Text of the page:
Purpose: Although it is known that peripheral arterial disease (PAD) is associated with chronic myopathies, the acute muscular responses to exercise in this population are less clear. This study used diffusion tensor imaging (DTI) to compare acute exercise-related muscle damage between PAD patients and healthy controls. Methods: Eight PAD patients and seven healthy controls performed graded plantar flexion in the bore of a 3T MRI scanner. Exercise began at 2 kg and increased by 2 kg every 2 min until failure, or completion of 10 min of exercise. DTI images were acquired from the lower leg pre- and post-exercise, and were analyzed for mean diffusivity, fractional anisotropy (FA), and eigenvalues 1–3 (λ1–3) of the medial gastrocnemius (MG) and tibialis anterior (TA). Results: Results indicated a significant leg by time interaction for mean diffusivity, explained by a significantly greater increase in diffusivity of the MG in the most affected legs of PAD patients (11.1 × 10–4 ± 0.5 × 10–4 mm2/s vs. 12.7 × 10–4 ± 1.2 × 10–4 mm2/s at pre and post, respectively, P = 0.02) compared to healthy control subjects (10.8 × 10–4 ± 0.3 × 10–4 mm2/s vs. 11.2 × 10–4 ± 0.5 × 10–4 mm2/s at pre and post, respectively, P = 1.0). No significant differences were observed for the TA, or λ1–3 (all P ≥ 0.06). Moreover, no reciprocal changes were observed for FA in either group (all P ≥ 0.29). Conclusion: These data suggest that calf muscle diffusivity increases more in PAD patients compared to controls after exercise. These findings are consistent with the notion that acute exercise results in increased muscle damage in PAD.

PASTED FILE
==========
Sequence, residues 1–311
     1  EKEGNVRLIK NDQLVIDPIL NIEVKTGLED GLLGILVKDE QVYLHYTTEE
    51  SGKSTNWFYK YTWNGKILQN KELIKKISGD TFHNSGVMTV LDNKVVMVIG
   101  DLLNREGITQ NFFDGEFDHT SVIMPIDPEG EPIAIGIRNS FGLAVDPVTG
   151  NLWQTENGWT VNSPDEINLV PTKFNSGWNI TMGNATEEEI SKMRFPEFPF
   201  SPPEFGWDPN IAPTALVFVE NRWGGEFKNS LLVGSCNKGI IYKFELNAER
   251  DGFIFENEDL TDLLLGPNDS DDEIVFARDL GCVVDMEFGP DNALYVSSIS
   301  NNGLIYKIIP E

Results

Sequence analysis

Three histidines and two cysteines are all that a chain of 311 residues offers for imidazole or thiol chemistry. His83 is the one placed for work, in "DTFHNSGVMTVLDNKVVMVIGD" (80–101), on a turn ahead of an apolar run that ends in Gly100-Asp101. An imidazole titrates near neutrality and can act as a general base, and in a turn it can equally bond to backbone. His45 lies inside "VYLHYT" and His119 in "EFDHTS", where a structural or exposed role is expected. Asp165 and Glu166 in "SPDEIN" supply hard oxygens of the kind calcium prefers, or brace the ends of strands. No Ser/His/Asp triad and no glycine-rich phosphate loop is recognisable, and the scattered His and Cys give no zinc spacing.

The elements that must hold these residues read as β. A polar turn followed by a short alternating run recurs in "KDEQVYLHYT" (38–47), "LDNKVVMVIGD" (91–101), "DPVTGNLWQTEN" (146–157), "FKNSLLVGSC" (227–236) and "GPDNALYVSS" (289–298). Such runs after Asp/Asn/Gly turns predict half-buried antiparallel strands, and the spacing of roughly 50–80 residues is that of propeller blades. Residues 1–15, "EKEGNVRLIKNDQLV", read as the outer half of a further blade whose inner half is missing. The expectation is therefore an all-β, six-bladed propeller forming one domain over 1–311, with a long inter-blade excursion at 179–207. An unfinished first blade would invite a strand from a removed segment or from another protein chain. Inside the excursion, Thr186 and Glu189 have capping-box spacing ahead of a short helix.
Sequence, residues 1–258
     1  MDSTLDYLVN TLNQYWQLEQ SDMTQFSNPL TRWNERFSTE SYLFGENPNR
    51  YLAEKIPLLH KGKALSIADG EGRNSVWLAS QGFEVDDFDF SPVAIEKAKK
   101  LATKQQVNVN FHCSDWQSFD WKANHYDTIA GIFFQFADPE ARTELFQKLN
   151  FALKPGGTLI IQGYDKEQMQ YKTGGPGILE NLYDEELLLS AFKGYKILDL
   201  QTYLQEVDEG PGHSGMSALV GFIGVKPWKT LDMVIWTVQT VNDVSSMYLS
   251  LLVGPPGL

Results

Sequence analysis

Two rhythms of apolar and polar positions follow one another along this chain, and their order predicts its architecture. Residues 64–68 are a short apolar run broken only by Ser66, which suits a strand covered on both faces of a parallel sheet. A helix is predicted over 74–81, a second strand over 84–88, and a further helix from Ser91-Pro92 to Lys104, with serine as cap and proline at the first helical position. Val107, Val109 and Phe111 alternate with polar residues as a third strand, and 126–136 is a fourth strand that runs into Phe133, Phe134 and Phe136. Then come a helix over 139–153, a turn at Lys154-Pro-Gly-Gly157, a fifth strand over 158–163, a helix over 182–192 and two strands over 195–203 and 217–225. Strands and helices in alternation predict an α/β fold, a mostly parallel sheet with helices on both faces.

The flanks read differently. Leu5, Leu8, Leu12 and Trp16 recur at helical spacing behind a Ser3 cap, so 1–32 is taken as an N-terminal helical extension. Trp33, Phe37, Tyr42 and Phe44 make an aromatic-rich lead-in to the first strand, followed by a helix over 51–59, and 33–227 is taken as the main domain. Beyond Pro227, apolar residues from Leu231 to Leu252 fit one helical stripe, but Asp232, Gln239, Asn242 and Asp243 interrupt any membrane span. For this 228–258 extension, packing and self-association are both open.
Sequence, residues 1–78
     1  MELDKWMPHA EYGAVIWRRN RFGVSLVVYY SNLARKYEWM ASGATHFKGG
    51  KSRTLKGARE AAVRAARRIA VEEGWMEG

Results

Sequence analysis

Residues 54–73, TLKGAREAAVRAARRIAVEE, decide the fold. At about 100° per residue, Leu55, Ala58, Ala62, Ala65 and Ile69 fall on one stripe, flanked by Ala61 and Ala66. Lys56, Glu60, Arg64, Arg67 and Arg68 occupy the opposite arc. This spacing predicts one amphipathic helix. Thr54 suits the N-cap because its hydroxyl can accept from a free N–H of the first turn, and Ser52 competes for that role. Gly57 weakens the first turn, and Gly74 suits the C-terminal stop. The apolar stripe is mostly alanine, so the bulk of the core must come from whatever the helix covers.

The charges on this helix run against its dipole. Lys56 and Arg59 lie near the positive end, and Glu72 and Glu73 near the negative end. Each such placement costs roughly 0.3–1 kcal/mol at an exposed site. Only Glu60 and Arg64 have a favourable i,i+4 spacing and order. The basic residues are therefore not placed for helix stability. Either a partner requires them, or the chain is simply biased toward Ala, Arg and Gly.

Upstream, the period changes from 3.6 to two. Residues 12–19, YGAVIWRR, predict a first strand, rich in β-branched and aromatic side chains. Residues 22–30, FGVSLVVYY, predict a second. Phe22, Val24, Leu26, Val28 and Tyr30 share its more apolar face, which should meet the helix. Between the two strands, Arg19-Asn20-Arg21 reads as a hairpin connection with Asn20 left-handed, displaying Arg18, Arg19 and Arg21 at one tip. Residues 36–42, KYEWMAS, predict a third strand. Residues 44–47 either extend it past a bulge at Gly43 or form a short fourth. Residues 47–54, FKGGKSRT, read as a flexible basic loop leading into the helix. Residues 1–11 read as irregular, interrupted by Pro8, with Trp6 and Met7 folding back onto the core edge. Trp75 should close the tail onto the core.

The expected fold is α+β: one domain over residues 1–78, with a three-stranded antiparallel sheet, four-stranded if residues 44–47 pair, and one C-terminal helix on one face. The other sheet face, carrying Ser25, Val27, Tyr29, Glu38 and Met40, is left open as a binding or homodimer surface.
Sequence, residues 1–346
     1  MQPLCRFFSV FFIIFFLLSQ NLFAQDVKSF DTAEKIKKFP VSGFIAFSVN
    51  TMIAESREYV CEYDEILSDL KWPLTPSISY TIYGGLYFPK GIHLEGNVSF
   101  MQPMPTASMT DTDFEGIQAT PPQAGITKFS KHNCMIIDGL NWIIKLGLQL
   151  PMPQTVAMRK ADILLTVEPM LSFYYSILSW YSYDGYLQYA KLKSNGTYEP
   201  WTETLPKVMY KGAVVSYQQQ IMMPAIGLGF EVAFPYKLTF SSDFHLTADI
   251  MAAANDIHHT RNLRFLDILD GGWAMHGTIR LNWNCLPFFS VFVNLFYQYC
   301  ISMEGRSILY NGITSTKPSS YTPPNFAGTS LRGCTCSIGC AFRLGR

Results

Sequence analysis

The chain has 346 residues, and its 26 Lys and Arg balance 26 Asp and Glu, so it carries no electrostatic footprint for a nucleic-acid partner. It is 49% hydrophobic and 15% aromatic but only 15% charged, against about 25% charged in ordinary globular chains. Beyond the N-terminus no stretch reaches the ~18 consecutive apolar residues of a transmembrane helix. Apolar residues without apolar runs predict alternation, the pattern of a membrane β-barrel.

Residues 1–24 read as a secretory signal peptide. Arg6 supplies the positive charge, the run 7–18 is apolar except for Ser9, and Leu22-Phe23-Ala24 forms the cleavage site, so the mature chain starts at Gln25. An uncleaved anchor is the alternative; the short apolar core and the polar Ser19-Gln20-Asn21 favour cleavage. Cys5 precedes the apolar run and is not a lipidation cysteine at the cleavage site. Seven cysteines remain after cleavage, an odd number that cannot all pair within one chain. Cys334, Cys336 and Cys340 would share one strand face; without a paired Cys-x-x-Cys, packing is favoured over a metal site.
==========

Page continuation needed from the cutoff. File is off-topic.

All Science Journal Classification (ASJC) codes
- Orthopedics and Sports Medicine
- Public Health, Environmental and Occupational Health
- Physiology (medical)